I often wonder what it was like to walk with Jesus in the flesh.
… if I would have been a stronger person than I am now.
… if I would have had a deeper faith than I do now.
… if I would have loved more and traversed life valleys with more grace than I do now.
I wonder if I would be different if I had walked with Jesus in the flesh.
As I read about the miracles of Jesus, I sometimes try to put myself in the crowd in those days. How could their eyes even process what they saw before them?
… the blind beggar no longer needing a guide.
… the man lame from birth, walking home with his mat on his head.
… the legendary, naked demon man now proclaiming Jesus in the streets.
What did those onlookers think when they initially saw the extraordinary? What were they pondering as they drifted off to sleep that night? How did it change the way they lived they next day… Or the day after that?
This week I witnessed miracles.
On Sunday before a group of 100 students arrived at the resort, I sat down with my key school trip facilitators and said, “Guys, I don’t know why, but I think we need to be ready for this week. We need to focus on safety and be alert.” For some reason, it was heavy on my heart. And as I limped away from that meeting, having just come out of knee surgery 8 days prior, I asked God to protect us from what might come.
And on Wednesday night during our staff meeting after day 3 of the school program, a teacher came running in and said a child had fallen through the railing and into the sea.
As I close my eyes now and remember, images flash through my mind like an old-fashioned slide show…
…Peering down over the jetty and seeing the 6th grader wandering around in shin-deep, blood-stained water, 4 meters below.
…Staff mobilizing and organizing themselves… making phone calls, hauling blankets and medical supplies and a backboard.
…Me running down the jetty and out into the water, on the phone with medical personnel in Singapore.
God, I have some questions for you.
- Why wasn’t the child impaled by the railing falling just below her?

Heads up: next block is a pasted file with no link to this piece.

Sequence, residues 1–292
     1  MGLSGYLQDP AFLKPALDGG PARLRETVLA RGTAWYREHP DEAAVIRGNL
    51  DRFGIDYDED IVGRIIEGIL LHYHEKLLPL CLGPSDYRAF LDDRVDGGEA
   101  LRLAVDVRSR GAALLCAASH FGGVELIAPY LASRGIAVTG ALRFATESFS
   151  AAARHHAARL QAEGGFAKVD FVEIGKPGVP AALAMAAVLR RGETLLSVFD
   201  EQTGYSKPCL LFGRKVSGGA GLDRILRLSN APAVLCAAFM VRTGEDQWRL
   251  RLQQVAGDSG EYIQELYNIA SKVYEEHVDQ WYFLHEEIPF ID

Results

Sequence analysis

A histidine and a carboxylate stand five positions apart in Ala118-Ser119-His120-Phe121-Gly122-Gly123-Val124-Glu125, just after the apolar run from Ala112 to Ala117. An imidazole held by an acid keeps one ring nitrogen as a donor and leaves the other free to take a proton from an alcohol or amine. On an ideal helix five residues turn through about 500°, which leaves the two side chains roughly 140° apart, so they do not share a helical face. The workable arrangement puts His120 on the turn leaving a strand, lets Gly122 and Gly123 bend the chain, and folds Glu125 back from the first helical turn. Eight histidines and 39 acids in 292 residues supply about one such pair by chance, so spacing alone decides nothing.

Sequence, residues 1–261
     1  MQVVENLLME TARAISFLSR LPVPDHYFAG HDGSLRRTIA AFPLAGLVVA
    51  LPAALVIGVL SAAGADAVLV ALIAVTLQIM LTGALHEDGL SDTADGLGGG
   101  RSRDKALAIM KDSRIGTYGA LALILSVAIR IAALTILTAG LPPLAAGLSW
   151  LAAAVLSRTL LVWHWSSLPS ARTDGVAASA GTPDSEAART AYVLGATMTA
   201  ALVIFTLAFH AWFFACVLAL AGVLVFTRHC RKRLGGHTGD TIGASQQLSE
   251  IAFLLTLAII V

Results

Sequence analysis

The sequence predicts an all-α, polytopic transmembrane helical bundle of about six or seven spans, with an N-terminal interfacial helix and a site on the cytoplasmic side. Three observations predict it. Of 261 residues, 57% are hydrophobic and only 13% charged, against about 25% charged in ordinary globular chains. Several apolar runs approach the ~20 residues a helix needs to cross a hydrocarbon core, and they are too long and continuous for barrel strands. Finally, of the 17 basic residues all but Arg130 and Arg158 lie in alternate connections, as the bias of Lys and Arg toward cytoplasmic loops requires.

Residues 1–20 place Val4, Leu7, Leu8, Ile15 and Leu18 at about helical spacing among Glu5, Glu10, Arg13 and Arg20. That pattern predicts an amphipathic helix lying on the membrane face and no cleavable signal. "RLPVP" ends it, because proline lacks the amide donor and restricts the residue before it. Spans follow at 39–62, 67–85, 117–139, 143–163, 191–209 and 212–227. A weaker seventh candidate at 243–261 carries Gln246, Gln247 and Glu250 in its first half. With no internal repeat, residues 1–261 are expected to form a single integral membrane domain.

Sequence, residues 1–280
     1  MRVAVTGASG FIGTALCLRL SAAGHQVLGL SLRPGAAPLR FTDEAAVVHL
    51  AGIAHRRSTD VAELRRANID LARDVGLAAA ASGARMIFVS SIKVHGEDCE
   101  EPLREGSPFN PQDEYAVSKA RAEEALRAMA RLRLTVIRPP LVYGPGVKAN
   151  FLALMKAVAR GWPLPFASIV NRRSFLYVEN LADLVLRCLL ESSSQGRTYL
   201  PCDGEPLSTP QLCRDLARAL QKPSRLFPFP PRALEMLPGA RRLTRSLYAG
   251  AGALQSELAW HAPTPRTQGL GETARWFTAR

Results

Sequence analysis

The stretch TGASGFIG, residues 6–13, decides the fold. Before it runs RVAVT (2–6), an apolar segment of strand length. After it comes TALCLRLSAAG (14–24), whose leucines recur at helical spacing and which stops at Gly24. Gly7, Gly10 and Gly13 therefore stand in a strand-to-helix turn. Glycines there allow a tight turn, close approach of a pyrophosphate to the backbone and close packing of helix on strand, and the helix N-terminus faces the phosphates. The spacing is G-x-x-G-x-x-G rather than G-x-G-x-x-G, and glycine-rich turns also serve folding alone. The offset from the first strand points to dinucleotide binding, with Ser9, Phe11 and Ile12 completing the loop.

- Why and how did that child land on her feet from that high up?
- How was it that every time I called out for something to be brought down, one of my staff either already had it there, or got it there within a couple of minutes?
- How did the boat get there so fast, fueled and ready and staffed?
- How did we have the exact amount of staff needed to carry the child on the backboard and into the boat?
- How was it possible that those present to help were not merely gawking, but each taking an active role in helping with the evacuation?
- And wait… how was I running? I just got off crutches 5 days ago.
And the answer I have heard for each of these questions is a simple one. “It was My Hand.”
We witnessed a miracle. The Hands of the Father spared us from a tragedy that night that could have haunted us for life.
After the boat left to take the child to the hospital in Batam, I sat down with my team. It was silent. Our hearts were heavy and our stomachs in knots. It felt like we had been in emergency mode for hours, though in reality only 68 minutes had passed. And we prayed. And that night, Jesus sat with us. Though less than half in that circle know Him, He came near to us. And I believe every one of them knew it.
The next day was a quiet one. I was tired from a sleepless night of phone calls and continued coordination of getting that child on to Singapore for better medical care. But the school program continued on. Kids still laughed and learned. Our staff still ran a great program. And we moved on with weary, but thankful hearts.
But little did we know, that there was still more to come…
On Friday morning at 8 am, the students were out learning about local fishing practices. They would leave at 12:00 pm that day, but still had a few hours of fun to go. In the meantime, I was in an upper level management team meeting with all the managers from both of our resorts (which are approximately one kilometer apart from each other.) Though we are eye-distance apart and can look out the window and see each other’s facilities daily, it’s not too often that we all get to be together.
Friday’s topics revolved around safety. For 15 minutes, I talked about the crisis that had occurred at our property that week, and raved about the beauty of how our team of local Indonesian staff had worked together. I talked about ways that we could improve our response for the future, and how we need to continue to train and emphasize high standards of safety in each of our departments. In the background, we heard one loud crash of thunder, and I wondered if the students would have a wet departure to end their eventful week.